This week, I wanted to discuss something that’s been at the forefront of most of our minds since about one year ago, when lockdowns began. (Crazy how it’s been pretty much exactly one year to the day now, right?). As soon as we all became locked inside with nothing to do, a sudden craze broke out across social media — and it urged us all to use our newfound free time to master new skills. Be it baking, cooking, exercising, writing, or art — suddenly everyone seemed like they were trying something new.
The whole concept, as I’ve discussed before, was a bit of a double-edged sword — on one hand, it’s always great to try new things, learn something new or push yourself like you haven’t before. On the other hand, however, there was immense pressure on social media to be using our spare time during one of the most stressful and unpredictable times of our lives to be productive. That being said — there is always benefit to learning new things. A year later on, I’m sure we’ve all seen skills that our family and friends have learned that we would love to learn to do ourselves. But how, exactly? Starting a new skill from scratch isn’t just challenging — it’s daunting as well. However, it isn’t impossible — in fact, it’s far from it. At the end of the day, you really only need three simple things to master any skill your heart desires: practice, passion, and patience. By the end of this post, I’m going to share with you exactly how you can master whichever skill it is you’ve been tempted to try — no matter your level of experience. (And of course, the most important step of all at the end of the day, no matter what skill you want to master, is just to START! Start now! There’s nothing stopping you. If you start today, you’ll just have that much more experience in a week than if you started tomorrow. Don’t worry about having it all be perfect from the get-go. You’ll get there, so just go for it.)
The first, and most obvious step, to mastering a skill is practice. Or perhaps it isn’t to most obvious — it seems so many people believe that “natural talent” is somehow key excelling at things, but that isn’t the case. Let me be clear — you do not need to be naturally talented and something to become great at it. Think of your skill as you would exercise (which works especially well if exercise is somehow related to the skill you wish to master): anyone who works out will become more fit with time. Sure, it takes a while, and perhaps we all move at different paces. Maybe some people have a bit of a head start, and maybe others don’t. However, with practice, anyone and everyone can become fit. However, no matter who you are — it takes a LOT of both time and effort to become incredibly strong and muscular. But really, the only thing stopping you from being the person who becomes super strong is how much you practice. This doesn’t mean that you should push yourself beyond healthy limits, though — what I’m trying to say is that anyone can build up a skill to the level of a master. It takes time, but there’s no need to rush — you’ll get there.
A little extra note that I’ve found really works for me as well — I find, personally, that I benefit significantly from practicing skills for, say, half an hour putting in my best effort and I do putting in four times as much time at only 50% effort. The quality of my effort, for me, matters. If I’m feeling distracted, or lazy, or trying to rush through practicing simply to finish, it doesn’t really get me anywhere — and it doesn’t show me results that I’m proud of.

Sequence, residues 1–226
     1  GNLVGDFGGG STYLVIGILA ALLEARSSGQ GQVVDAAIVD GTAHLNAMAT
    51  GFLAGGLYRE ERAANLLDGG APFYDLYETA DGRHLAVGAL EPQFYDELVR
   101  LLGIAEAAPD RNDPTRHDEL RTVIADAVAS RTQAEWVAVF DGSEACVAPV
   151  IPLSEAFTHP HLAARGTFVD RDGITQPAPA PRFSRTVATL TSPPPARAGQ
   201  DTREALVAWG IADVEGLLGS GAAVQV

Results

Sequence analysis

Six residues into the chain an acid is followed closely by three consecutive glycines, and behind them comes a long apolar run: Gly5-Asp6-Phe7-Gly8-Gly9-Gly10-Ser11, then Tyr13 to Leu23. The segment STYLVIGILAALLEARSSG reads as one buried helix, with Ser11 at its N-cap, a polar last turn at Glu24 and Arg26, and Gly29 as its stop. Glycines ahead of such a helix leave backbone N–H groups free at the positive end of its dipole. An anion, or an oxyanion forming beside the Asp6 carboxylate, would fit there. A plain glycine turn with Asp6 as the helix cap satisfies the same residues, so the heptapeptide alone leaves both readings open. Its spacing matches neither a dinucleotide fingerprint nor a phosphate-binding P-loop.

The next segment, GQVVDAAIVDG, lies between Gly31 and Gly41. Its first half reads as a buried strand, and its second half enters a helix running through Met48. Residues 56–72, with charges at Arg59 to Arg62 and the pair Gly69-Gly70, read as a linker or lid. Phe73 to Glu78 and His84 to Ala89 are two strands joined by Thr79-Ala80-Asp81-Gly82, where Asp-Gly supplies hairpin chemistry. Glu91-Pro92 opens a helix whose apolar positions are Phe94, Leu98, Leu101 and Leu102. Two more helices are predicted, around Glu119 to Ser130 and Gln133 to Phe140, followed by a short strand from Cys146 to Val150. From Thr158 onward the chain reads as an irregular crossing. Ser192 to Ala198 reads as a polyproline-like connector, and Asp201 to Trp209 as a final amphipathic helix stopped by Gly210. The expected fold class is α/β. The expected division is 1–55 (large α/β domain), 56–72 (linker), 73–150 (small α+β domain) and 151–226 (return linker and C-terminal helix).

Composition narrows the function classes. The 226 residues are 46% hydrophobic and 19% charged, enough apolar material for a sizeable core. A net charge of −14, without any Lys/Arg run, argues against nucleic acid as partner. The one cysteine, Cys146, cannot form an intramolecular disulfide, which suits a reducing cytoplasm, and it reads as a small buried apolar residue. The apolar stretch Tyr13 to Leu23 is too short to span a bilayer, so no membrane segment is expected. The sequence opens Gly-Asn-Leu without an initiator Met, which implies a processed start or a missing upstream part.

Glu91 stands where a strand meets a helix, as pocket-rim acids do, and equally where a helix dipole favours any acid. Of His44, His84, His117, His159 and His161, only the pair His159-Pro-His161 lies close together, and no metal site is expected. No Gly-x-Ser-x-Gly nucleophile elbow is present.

The second thing you’ll need to be able to master a skill is passion. Let’s not get too deep here — I don’t mean that whatever it is you intend to learn has to be your life’s sole and absolute devotion. In fact, you’ll be able to cultivate more passion as you go. But as you start out, you simply need to be passionate enough about whatever skill you wish to learn to feel excited about it, and look forward to practicing it. Let’s say, for example, that your passion is drawing (just like me!). Ideally, if you’re looking get started as an artist, you should be excited to practice drawing and look forward to practicing it when you can. This will reflect in your life in any number of ways — looking forward to purchasing your artistic tools, getting excited about looking for reference images or drawing subjects, or feeling inspired by other’s art that you come across online. All of this passion should, hopefully, not only inspire you to practice — but to practice often. The best part of this step, at least for me personally, is that your passion and excitement grows as you see your hard work pay off. Every time I complete a drawing that I consider to be my personal best, it ignites a newfound wave of excitement to keep going and create something new.
The final step to mastering any skill is the hardest — patience. Do not feel discouraged if you don’t see results as fast as you think you’re supposed to. Learning takes time, and the path to mastering a new skill is seldom linear. Sometimes you’ll feel like you’re making huge amounts of progress, and others you’ll feel stuck in a rut. Whether you feel it or not, though, every time you dedicate yourself to practicing, you’re making progress. Slow progress is still progress. It may take months, or even years, to truly master your chosen skill — and even then, you’ll still always have more to learn. Even if you feel you had a good momentum the first few months and then stopped seeing progress, I’d encourage you not to give up — I’m sure you’re still making progress that even you can’t see. The smallest increments, with time, will get you to where you want to be. And what’s more, you never know when you may have that moment where you can feel everything fall into place; where you feel like you finally get it. If you’ve started and feel lost, that moment will come. Just keep working towards it.